The press release for Everything Inside declares KM a “trendsetter,” but the question is, which trend? KM sets listeners off in a dozen or so different directions, from free jazz rap to hip hop grounded in bewildering, technical electronica. His guests range from Japanese rap mainstays (Dengaryu, Campanella) and on-trend stars (Daichi Yamamoto, (Sic)boy) to hyped underground artists (NTsKi) and alt-R&B singers (Manon).
But KM himself is always the main star. His beats test his performers’ dexterity, and consistently impress in their disregard for typical hip hop styles and structures. Everything Inside is an all-star work unrestricted by hip hop conventions, not just one of the most impressive Japanese hip hop releases of the summer but one of the finest of 2021 so far.
Handsomeboy Technique, ‘Technique’
The return of plunderphonic icon HandsomeBoy Technique, the solo project of Kyoto-based DJ and producer Yoshitaka Morino, doesn’t disappoint. Technique is the first HbT album in over a decade, following the critically revered and popular favourite Adelie Land (2005) and its follow-up, Terrestrial Tone Cluster (2009).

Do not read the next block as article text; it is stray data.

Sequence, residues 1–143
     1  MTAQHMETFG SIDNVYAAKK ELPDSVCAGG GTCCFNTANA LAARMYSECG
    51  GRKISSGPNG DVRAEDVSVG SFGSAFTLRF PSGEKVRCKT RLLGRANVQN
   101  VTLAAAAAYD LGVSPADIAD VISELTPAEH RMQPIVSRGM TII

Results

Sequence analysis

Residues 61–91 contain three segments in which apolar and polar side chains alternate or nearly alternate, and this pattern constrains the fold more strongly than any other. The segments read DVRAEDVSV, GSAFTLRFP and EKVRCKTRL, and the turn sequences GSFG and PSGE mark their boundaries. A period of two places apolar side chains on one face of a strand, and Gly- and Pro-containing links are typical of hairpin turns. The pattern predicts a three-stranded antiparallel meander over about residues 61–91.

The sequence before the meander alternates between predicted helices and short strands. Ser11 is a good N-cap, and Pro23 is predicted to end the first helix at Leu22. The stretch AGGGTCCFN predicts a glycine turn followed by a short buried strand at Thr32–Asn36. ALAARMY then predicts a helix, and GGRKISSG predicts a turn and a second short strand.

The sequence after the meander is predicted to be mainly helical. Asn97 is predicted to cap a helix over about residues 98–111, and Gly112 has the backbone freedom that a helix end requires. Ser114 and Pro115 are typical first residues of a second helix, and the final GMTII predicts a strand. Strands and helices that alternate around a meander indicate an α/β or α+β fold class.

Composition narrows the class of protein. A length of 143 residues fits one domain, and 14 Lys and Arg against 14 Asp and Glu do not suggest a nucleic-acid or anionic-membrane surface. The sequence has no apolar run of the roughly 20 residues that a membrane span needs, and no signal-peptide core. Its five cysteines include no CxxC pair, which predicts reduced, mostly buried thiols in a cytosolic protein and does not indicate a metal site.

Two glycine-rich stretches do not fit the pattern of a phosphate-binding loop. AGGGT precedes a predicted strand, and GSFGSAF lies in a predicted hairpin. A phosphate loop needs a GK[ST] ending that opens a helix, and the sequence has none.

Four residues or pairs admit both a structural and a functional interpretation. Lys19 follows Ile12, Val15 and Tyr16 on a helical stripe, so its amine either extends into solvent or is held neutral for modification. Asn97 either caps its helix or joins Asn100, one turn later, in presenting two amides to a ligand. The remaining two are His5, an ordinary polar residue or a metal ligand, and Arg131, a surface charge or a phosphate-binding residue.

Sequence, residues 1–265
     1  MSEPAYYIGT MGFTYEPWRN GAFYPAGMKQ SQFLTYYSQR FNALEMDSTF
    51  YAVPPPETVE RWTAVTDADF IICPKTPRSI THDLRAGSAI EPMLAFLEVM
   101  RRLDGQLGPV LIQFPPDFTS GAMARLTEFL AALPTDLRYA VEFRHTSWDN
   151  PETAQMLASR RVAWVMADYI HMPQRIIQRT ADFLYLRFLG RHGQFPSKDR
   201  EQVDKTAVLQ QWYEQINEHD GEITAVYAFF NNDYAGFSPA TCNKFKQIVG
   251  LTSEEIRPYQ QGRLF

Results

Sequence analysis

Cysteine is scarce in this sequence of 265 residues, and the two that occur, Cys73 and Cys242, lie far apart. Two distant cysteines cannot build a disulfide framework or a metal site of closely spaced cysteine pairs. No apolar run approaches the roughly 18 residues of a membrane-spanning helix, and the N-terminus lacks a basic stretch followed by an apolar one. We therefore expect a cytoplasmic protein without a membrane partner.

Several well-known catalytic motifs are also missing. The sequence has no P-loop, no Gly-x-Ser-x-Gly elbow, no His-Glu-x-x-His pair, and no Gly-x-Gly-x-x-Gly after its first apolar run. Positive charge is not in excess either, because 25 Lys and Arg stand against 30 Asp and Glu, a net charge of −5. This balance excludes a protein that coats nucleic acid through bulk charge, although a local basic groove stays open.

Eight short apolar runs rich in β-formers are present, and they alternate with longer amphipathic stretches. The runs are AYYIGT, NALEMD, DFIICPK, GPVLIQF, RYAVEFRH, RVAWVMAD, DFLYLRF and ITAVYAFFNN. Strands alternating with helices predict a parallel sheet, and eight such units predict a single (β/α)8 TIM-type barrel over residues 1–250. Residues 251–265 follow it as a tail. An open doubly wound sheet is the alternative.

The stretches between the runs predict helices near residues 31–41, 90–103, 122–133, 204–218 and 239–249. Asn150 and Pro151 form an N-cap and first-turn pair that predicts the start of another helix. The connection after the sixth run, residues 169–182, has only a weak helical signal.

Technique is another HbT record that merges samples with pop, following in the wake of plunderphonic pioneers The Avalanches and The Go! Team. But fittingly for a decade-long break, it moves HbT along from the project’s earlier, hip hop and house-influenced days. Here Morino leans heavier on indie: opting for plucked guitars and more typical song structures. A guest line-up including Keiichi Sokabe (Sunny Day Service), Motoi Kawabe (Mitsume), Ayaka Tatamino (Homecomings) and Yosuke Inoue (Turntable Films) further bolsters Technique’s indie cred.
The result is the prettiest, smoothest HbT record so far, a recognisably finessed shift from Morino’s earlier material. From its opening moment, Technique dances with revelation, upholding an untouchable buoyancy that is both a mood and so perfectly crafted as to go far beyond simple ‘mood music’. It’s difficult to find any fault with whatsoever – a momentous comeback.
CRYSTAL, ‘Reflection Overdrive’
The image of a dolphin on the cover of Reflection Overdrive is so exceptionally clear and pristine that it’s almost surreal – which isn’t actually a bad analogy for the music contained within. CRYSTAL’s music appears so clean and crisp that it can be both appealing and a bit unnerving.